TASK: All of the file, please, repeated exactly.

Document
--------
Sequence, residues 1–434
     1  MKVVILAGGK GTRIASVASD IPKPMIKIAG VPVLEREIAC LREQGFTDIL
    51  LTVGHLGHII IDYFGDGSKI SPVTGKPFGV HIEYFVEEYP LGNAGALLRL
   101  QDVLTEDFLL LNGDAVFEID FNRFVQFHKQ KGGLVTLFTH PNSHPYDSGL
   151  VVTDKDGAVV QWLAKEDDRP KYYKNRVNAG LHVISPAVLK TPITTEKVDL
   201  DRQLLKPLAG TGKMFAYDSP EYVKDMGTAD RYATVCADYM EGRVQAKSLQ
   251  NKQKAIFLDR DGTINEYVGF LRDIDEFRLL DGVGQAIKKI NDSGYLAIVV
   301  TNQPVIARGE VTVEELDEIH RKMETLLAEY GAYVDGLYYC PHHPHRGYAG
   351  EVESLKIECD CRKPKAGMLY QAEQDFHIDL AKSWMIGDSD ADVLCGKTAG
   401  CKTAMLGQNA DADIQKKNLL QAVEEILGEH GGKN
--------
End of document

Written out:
Sequence, residues 1–434
     1  MKVVILAGGK GTRIASVASD IPKPMIKIAG VPVLEREIAC LREQGFTDIL
    51  LTVGHLGHII IDYFGDGSKI SPVTGKPFGV HIEYFVEEYP LGNAGALLRL
   101  QDVLTEDFLL LNGDAVFEID FNRFVQFHKQ KGGLVTLFTH PNSHPYDSGL
   151  VVTDKDGAVV QWLAKEDDRP KYYKNRVNAG LHVISPAVLK TPITTEKVDL
   201  DRQLLKPLAG TGKMFAYDSP EYVKDMGTAD RYATVCADYM EGRVQAKSLQ
   251  NKQKAIFLDR DGTINEYVGF LRDIDEFRLL DGVGQAIKKI NDSGYLAIVV
   301  TNQPVIARGE VTVEELDEIH RKMETLLAEY GAYVDGLYYC PHHPHRGYAG
   351  EVESLKIECD CRKPKAGMLY QAEQDFHIDL AKSWMIGDSD ADVLCGKTAG
   401  CKTAMLGQNA DADIQKKNLL QAVEEILGEH GGKN